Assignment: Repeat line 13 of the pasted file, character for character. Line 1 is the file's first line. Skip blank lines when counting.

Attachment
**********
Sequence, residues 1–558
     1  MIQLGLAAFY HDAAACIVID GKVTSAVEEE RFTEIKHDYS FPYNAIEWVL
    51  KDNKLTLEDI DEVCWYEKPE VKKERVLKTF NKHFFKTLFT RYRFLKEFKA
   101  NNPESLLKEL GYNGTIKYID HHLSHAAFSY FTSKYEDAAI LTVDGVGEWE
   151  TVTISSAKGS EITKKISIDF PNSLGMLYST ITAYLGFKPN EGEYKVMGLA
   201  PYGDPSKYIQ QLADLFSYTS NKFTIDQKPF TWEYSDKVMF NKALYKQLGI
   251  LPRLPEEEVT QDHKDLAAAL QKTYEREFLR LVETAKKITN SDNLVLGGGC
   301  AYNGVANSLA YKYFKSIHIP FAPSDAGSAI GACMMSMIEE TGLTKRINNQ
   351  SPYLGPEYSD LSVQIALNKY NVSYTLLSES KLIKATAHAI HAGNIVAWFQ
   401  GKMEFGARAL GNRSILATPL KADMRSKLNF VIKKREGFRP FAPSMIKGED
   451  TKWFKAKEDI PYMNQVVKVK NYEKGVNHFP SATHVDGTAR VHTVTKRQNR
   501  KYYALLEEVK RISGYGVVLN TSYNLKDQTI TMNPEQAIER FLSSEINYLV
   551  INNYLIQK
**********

   551  INNYLIQK